Friday, March 6, 2020

New Onset Heart Failure and Frequent Prolonged SVT. What is it? Management?

This middle-aged man with no cardiac history but with significant history of methamphetamin and alcohol use presented with chest pain and SOB, worsening over days, with orthopnea.

BP:143/99, Pulse 109, Temp 37.2 °C (99 °F), Resp (!) 32, SpO2 95%

On exam, he was tachypneic and had bibasilar crackles.

Here was his ED ECG:
There is sinus tachycardia (rate about 114) with nonspecific ST-T abnormalities.
There is a large peaked P-wave in lead II (right atrial enlargement)
There is left axis deviation consistent with left anterior fascicular block.
There are nonspecific ST-T abnormalities.
There is no evidence of infarction or ischemia.
Troponin I was 0.054 ng/mL
NT-ProBNP was 8316 (0-900 pg/mL).

"NT-proBNP values less than 300 pg/ml have a 99% negative predictive value for excluding congestive heart failure.  A cutoff of 1200 pg/ml for patients with a normal eGFR is very specific for heart failure. A diagnostic NT-proBNP cutoff of 900 pg/mL has been suggested in adults 50-75 years of age in absence of renal failure."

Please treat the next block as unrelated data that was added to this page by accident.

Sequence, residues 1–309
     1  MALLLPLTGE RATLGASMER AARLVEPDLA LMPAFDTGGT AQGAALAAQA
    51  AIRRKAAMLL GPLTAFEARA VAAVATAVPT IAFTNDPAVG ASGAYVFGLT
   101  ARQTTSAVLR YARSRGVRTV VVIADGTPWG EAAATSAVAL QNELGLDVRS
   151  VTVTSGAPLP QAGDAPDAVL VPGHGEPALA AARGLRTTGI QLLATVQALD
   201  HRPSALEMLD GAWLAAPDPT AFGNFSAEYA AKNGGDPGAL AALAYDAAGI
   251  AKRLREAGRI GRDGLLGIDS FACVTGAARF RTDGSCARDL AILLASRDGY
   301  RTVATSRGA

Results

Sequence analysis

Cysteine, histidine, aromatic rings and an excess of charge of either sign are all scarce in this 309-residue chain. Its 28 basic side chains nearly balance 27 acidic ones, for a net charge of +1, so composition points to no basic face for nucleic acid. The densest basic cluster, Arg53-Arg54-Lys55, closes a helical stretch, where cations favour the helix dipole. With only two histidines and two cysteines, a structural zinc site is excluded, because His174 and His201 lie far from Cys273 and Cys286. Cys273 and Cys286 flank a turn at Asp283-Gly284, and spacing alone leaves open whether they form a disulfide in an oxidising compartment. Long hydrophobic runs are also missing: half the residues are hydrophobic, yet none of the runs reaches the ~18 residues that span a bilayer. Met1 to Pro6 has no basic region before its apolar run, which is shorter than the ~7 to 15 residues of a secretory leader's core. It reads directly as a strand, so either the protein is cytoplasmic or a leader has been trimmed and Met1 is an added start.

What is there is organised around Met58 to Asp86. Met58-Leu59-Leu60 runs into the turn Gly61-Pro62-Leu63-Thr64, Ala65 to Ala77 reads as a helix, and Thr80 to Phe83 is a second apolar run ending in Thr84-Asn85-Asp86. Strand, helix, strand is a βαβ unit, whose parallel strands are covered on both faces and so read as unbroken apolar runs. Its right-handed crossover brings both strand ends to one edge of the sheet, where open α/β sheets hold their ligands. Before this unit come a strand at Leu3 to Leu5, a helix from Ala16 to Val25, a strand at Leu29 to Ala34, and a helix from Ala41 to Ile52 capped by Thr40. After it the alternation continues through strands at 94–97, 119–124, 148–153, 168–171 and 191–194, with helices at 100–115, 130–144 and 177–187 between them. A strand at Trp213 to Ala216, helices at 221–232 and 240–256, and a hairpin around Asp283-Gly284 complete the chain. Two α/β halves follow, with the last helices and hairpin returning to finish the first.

A bedside POC cardiac ultrasound was done:

Findings: Decreased left ventricular systolic function.

The patient was given furosemide and admitted to the hospital.

Later, he underwent a formal echocardiogram:
Very severe left ventricular enlargement (LVED diameter 7.4 cm).
Severely decreased left ventricular systolic function with an estimated EF of 20-25%.
No left ventricular wall motion abnormality identified.
Severe right ventricular enlargement and mildly decreased right ventricular systolic function.
Mild to moderate mitral regurgitation.
Biatrial enlargement, severe.

The absence of any wall motion abnormality makes ischemic cardiomyopathy very unlikely.  Therefore, no angiogram was done.


Later, he was noted to have a very rapid heart rate.  An ECG was recorded:
This shows a regular narrow complex tachycardia at a rate of about 160.

There is atrial activity before every QRS, but that activity has negative polarity, so it is not sinus rhythm.

There are clearly no flutter waves, so it is not atrial flutter (a "macro-reentrant" atrial tachycardia)

Is it AVNRT originating at the superior pole of the AV node, resulting in a retrograde P-wave before the QRS? No, the PR interval is too long for this to be a probable diagnosis.  


Or perhaps it is an orthodromic re-entrant tachycardia due to an accessory pathway (Orthodromic AVRT due to WPW)

If AVNRT or AVRT, the P-wave is retrograde and AFTER the QRS but with a long RP interval.  The RP interval would have to be approximately 400 ms. This seems to me to be very unlikely.

So what is it?